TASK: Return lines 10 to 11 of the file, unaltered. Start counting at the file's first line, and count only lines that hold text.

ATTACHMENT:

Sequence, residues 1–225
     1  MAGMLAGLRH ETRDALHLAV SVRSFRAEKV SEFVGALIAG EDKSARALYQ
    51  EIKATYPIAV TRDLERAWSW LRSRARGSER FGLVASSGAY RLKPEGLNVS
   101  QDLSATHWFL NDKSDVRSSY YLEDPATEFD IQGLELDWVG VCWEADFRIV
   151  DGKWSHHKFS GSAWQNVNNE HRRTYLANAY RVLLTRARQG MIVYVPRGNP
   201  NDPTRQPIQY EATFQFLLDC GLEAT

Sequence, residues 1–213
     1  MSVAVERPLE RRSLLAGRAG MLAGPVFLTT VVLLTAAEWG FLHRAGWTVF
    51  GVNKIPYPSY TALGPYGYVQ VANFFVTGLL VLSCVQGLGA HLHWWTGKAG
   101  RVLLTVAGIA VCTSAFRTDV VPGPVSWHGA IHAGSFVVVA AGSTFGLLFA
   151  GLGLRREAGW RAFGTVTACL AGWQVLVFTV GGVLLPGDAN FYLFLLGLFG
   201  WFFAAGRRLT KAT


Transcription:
   101  RVLLTVAGIA VCTSAFRTDV VPGPVSWHGA IHAGSFVVVA AGSTFGLLFA
   151  GLGLRREAGW RAFGTVTACL AGWQVLVFTV GGVLLPGDAN FYLFLLGLFG